More than 30 years after the original “Scared Straight!” won both an Oscar and Emmy, producer Arnold Shapiro has revived his documentary as an A&E series, without diluting much of its visceral impact. Once again, hardened convicts meet what might once have been called juvenile delinquents, seeking to give them an unappetizing taste of what prison life is like. Think of it as “A Christmas Carol,” only the shadows of what might be to come are tattooed and really, really scary. A&E has carved out a niche with tough-hewn reality, but nothing as raw as this.
Opening with a 90-minute episode, “Beyond Scared Straight” adheres closely (albeit in truncated form) to the original format, which featured those from the Lifers program at Rahway prison in New Jersey.
After introducing the sometimes-cocky kids, teens who in some instances look even younger than their years, they’re ushered into the prison, where the convicts paint a harrowing portrait of life on the inside.
In the premiere, girls visit a California women’s prison in Chowchilla, where their tour guides are every bit as intimidating as at the men’s facility in the second episode.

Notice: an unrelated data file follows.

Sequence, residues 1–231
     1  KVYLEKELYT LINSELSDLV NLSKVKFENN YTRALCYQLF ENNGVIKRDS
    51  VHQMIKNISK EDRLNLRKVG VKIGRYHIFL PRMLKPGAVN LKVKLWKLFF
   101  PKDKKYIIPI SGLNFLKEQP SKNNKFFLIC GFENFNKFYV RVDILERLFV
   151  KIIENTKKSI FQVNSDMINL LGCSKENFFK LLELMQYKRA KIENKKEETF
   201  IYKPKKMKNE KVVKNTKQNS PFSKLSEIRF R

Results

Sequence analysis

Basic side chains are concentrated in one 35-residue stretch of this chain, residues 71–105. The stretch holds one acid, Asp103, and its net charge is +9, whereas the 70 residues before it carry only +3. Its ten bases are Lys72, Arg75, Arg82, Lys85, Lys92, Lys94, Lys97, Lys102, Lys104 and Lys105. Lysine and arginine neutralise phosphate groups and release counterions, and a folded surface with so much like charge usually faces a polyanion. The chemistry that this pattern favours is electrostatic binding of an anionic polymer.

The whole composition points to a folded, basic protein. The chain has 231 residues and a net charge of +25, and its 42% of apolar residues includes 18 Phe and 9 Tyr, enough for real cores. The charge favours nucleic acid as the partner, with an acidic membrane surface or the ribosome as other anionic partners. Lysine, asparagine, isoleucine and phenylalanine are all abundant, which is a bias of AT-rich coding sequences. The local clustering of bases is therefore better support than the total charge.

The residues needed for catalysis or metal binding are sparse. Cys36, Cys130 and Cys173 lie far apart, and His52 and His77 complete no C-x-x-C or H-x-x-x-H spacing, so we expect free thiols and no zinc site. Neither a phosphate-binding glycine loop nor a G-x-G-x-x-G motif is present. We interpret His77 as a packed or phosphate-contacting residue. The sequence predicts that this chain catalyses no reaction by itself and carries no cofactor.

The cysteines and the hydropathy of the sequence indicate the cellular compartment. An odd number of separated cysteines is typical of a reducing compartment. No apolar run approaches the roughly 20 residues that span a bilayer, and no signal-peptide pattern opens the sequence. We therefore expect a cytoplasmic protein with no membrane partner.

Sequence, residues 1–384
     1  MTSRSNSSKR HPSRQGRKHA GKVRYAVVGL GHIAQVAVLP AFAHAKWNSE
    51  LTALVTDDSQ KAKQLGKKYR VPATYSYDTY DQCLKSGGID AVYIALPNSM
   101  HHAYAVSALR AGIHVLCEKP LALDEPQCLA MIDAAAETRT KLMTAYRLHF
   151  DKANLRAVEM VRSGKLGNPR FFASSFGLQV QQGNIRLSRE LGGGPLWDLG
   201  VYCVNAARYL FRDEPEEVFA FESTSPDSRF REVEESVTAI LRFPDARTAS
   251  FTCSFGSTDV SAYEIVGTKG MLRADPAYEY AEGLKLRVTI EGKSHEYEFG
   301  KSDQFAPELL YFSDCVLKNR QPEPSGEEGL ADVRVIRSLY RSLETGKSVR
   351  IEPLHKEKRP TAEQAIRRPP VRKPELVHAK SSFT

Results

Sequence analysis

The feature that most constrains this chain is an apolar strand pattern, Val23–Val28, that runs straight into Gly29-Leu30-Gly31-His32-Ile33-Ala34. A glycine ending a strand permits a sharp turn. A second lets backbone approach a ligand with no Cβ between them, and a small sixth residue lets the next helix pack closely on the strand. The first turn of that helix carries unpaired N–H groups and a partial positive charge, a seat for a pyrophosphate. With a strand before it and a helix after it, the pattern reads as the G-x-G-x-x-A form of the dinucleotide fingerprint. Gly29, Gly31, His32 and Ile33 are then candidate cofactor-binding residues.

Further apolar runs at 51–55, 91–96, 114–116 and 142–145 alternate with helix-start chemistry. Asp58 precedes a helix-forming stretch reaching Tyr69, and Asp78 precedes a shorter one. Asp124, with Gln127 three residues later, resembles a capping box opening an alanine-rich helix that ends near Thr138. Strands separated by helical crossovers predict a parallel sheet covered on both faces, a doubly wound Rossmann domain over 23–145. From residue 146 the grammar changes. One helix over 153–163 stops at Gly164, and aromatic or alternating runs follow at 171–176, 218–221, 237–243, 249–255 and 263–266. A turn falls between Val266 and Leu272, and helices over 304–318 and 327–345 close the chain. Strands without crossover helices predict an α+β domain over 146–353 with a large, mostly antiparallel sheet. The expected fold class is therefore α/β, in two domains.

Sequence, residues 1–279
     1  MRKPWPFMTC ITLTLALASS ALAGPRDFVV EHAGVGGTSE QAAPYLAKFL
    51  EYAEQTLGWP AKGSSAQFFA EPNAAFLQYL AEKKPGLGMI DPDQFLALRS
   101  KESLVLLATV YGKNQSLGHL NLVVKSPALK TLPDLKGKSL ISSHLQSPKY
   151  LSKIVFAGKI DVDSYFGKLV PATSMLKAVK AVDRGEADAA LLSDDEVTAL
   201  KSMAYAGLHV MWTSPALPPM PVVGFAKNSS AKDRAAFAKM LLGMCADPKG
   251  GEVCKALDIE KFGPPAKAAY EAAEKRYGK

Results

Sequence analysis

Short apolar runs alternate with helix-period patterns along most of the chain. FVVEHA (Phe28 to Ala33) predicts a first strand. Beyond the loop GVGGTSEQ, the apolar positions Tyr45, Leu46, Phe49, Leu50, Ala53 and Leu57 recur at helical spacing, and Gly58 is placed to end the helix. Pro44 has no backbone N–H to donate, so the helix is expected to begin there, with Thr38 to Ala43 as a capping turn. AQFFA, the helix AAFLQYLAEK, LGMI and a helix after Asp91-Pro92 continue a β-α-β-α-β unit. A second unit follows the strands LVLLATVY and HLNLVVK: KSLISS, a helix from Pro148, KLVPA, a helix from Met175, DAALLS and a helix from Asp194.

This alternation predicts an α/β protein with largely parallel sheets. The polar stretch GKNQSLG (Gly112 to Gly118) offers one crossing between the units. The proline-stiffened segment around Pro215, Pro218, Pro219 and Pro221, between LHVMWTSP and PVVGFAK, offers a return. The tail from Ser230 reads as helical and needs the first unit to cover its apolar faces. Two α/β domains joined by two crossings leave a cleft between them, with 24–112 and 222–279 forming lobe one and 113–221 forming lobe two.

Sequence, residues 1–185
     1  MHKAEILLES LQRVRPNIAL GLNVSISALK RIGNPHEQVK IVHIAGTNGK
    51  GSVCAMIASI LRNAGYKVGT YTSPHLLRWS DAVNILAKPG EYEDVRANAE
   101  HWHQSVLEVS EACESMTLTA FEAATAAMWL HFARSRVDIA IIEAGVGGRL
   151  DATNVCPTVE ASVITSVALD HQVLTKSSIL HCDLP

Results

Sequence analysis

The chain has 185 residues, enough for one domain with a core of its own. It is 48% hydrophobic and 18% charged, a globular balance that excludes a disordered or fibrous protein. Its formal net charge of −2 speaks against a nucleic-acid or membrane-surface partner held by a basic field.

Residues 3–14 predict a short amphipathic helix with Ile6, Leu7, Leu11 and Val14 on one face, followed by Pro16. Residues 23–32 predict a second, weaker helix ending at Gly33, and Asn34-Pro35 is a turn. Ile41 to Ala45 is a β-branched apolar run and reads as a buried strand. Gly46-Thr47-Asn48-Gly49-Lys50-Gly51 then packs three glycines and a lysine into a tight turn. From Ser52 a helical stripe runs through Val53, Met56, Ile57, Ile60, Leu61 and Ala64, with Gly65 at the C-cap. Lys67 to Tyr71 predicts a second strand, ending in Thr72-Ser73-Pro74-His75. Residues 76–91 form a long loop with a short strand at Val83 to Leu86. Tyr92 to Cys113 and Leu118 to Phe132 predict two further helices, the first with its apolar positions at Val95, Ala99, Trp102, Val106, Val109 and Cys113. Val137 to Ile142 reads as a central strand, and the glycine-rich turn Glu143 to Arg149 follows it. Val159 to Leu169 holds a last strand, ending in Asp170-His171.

A convict gets in a girl’s face, threatening to “slap the shit out of you.” When the kids recoil or cower, they’re told by having failed to stand up, “You’re gonna be my bitch.”
“Half of these girls look like guys,” one of them mutters.
If “Beyond” is deficient in any respect, it’s in the minimal follow-up — revisiting the program’s beneficiaries a month or so later, which is hardly enough time to see if their exposure to the potential rotten spoils of being a criminal has yielded the desired effects.
Still, that amounts to a quibble regarding a series that, unlike most of what passes for “reality TV,” feels truly authentic — and sobering. For the network of “Intervention,” this is the kind of intervention that obliterates the camera’s contaminating eye.
Shapiro had the luxury of revisiting “Scared Straight!” several times through the years, but its durability remains impressive. And unlike the kids — who, with menacing bruisers crowding them, understandably yearn to look away — most of those who tune in won’t find themselves able to.